Vaginal Dilators: What Are They?

To begin, before anyone asks: vaginal dilators are not dildos! Many doctors, nurse practitioners and doulas we speak to at conferences know right away what we have on display. Others giggle and think we’re showing off a full range of dildos (not that there’s anything wrong with that!). Regardless of your response, these simple devices are life savers for many women. Once created in dark colors and looking much more like a penis, vaginal dilators are now softer, more attractive, approachable and easier to use.

What is a Vaginal Dilator?

Women use vaginal dilators in dilator therapy for a number of reasons:

  • Vaginismus
  • Dyspareunia
  • Post-Cancer Treatment
  • Post-Hysterectomy
  • Peri and Post Menopause

They are smooth and firm devices ranging from the size of a small finger to that of an average erect penis. The idea behind dilator therapy is to have the vaginal muscles relax, stretch and heal.

How is a Vaginal Dilator Used?

Depending on a woman’s recommended therapy, she might go through a series of guided exercises starting with the smallest dilator. The dilator is lubricated and inserted into the vaginal canal. As vaginal tissues relax and stretch, and with proper guidance, she can then move on to the next size.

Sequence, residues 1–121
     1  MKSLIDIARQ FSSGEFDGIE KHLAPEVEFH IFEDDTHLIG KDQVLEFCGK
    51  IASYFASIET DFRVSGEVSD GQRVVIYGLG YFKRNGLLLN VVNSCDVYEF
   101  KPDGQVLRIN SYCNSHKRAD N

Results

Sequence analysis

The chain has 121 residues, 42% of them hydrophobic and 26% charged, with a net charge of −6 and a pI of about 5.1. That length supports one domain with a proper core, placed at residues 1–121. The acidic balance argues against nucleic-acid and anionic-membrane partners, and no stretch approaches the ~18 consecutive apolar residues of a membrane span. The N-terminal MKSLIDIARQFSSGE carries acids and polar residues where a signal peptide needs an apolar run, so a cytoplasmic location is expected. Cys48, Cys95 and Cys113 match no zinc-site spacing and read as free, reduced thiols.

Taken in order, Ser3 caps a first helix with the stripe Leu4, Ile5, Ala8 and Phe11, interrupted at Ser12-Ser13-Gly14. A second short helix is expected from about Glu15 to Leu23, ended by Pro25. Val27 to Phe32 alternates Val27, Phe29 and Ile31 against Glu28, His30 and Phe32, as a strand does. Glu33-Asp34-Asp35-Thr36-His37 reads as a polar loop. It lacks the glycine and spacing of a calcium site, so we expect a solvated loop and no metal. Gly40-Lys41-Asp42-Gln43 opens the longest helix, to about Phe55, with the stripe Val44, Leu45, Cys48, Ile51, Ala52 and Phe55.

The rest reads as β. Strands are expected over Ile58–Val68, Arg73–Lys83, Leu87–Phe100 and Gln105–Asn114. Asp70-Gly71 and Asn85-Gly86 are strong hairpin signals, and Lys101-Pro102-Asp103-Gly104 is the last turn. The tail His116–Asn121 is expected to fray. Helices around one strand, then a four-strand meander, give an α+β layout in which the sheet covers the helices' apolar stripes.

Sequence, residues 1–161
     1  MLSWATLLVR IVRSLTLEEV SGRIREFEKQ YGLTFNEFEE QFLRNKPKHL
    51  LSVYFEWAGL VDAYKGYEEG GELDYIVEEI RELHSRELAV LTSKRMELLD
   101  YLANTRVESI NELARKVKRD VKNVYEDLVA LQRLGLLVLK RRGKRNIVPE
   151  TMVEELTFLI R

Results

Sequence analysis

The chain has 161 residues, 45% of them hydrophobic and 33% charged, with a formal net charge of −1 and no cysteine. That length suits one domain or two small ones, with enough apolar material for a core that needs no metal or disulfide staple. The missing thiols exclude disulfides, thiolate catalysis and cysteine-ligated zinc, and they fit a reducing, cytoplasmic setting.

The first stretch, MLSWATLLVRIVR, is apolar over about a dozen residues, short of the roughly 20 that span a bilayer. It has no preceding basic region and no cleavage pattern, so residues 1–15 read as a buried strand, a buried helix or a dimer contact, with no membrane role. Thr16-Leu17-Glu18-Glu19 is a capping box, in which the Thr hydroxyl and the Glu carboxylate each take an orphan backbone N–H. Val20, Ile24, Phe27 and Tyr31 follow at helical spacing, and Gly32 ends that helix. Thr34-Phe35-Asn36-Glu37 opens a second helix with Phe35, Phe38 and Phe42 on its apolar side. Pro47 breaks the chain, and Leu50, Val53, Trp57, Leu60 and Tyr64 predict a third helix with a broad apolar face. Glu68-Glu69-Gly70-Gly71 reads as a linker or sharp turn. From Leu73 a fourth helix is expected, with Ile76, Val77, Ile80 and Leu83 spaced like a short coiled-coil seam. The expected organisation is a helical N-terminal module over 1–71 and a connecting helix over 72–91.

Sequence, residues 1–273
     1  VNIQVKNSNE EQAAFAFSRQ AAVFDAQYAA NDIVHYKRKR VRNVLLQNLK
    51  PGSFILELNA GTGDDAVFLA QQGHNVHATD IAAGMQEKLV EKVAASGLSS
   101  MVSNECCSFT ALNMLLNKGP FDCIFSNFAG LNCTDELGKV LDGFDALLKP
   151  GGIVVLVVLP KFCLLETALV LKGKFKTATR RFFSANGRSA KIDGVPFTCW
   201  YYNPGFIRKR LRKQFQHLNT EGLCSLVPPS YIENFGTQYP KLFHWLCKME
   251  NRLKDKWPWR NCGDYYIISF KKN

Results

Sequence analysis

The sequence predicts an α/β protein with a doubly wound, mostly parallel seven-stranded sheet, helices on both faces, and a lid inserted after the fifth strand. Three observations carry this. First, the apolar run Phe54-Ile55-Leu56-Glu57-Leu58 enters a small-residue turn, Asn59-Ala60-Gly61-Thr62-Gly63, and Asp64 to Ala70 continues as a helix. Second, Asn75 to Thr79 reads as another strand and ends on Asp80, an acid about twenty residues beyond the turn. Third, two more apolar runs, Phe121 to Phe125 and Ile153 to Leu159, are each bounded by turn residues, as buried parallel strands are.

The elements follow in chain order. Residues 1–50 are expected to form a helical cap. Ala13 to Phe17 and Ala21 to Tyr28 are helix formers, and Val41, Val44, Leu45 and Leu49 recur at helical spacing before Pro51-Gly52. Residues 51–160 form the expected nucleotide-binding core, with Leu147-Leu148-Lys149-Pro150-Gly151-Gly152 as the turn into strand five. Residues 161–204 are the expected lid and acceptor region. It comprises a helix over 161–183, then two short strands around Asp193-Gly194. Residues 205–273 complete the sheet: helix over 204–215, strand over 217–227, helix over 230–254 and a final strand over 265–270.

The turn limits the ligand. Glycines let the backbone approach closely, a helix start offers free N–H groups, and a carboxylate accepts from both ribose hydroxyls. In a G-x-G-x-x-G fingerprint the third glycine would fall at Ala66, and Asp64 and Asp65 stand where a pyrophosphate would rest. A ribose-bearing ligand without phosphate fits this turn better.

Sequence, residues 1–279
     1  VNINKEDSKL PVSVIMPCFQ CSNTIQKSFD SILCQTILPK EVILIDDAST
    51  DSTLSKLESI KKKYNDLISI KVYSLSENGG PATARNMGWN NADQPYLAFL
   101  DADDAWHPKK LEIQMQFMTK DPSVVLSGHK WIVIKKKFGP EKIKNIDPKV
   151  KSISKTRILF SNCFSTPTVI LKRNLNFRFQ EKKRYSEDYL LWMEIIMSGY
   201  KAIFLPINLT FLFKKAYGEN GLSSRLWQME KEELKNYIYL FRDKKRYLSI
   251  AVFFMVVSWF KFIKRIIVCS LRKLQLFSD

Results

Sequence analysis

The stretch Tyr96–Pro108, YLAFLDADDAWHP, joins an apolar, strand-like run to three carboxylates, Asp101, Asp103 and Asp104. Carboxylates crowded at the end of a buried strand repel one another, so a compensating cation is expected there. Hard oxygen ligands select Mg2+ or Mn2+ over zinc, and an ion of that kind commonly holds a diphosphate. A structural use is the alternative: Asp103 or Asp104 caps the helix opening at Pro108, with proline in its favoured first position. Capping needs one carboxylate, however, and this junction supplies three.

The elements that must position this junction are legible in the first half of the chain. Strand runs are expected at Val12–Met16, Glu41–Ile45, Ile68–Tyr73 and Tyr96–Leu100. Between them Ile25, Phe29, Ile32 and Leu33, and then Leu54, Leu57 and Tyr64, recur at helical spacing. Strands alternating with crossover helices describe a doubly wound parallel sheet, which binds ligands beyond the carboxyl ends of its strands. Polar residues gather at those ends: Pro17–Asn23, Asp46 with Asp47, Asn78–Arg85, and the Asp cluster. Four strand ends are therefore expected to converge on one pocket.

Some treatments require vaginal dilator therapy after surgery, radiation or chemotherapy. This therapy can help prevent scar tissue and to allow the vagina to properly heal. While many women may not want to think that this will ever happen to them, it is a very present reality for others. Utilizing dilators can make the difference between living with pain or being able to have a satisfying intimate life.

Dilators and Vaginismus

For other women suffering from the tightening of the vaginal walls, or Vaginismus, dilators can help to gradually relax the muscles to make intercourse possible. If you have experienced any pain with sex or the inability to have sex due to tightness, talk with your doctor! Unfortunately, many women are just told to “relax” as a recommendation. But, if our visits with members of AASECT and ISSWSH have taught us anything, it’s that more and more doctors are becoming aware of this very frustrating condition. Most importantly, they’re learning to LISTEN to patients. They can then provide therapies such as dilator therapy, to improve your pain and quality of life.